Having pretty much maxed out cost-cutting opportunities, private equity investors are increasingly looking for ways to boost top-line growth for the companies in their portfolios, with the aim of keeping pace amid market conditions and investor expectations, according to a recent study by Bain & Company. The ability to deliver profitable organic growth – quickly – is a strategic imperative because of its positive impact on the lifecycle of portfolio companies from due diligence to exit.
As the founder and CEO of a B2B technology company who has been in the business of selling software for decades, it’s a trend that I’ve been validating in my meetings with private equity investors. As managers eye top line growth for software companies in their portfolios, they’re looking for ways to grab that proverbial (and ever-diminishing) low-hanging fruit.
My advice? Make sure you are getting maximum revenue from the fruits of your labor by focusing on organizations that are already using your software. But do you actually know who is using your software?
For software companies, a strong license compliance strategy – one that is both automated and analytics-based – is the best-kept secret for driving quick, continuous, top line growth. What’s more, it positions software companies with information and insight into how their software is being used, and that data can inform everything from more profitable and sustainable licensing models to product development and delivery.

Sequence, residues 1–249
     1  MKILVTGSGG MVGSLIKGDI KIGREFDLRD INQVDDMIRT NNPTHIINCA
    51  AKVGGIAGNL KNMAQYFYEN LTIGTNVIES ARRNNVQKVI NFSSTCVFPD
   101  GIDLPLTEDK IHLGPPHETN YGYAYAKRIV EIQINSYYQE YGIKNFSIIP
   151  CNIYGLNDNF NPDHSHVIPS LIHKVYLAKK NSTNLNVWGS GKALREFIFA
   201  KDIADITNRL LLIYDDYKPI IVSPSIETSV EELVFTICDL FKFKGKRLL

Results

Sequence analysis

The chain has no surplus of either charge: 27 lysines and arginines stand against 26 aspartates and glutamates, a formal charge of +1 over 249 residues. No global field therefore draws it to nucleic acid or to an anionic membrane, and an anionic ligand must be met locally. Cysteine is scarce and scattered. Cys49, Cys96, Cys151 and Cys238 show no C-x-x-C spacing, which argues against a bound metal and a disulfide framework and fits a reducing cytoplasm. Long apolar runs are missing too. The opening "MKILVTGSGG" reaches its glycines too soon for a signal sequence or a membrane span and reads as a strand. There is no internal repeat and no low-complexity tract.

Let’s be honest, there’s no love lost for license compliance. At its best, it’s perceived as legally-intensive and disruptive (and not the trendy sense of “disruptive” that tech companies usually love). But it doesn’t have to be.
When license compliance tracking technology is embedded in your software product, it seamlessly detects, identifies and reports on organizations using your software that are not paying for it. Compliance intelligence identifies both unlicensed users and existing customers overusing licenses. Once you know about these instances of misuse, they become sales opportunities – and studies from Adobe and Microsoft show that 83% of these unlicensed users are legally-inclined and will pay for software.
Consider that globally, some 40 percent of software is not properly licensed. Compliance intelligence is a business opportunity – a big one – as evidenced by the fact that some of the largest vendors (including Adobe and Microsoft) favor this approach for sustaining returns that continue to outpace those of the public markets. In addition to generating revenue, software usage data is also attractive to PE-backed companies because it can help drive more profitable business models like consumption-based licensing that may be more relevant to customers’ needs.
The smartest companies know that the best organic growth strategies maximize opportunities in the existing customer base. Those misusing your software are just that – potential customers. Compliance intelligence enables quick customer wins while laying the foundation for the long-term health of the business, ensuring that the company is poised for growth and ready to meet investor expectations.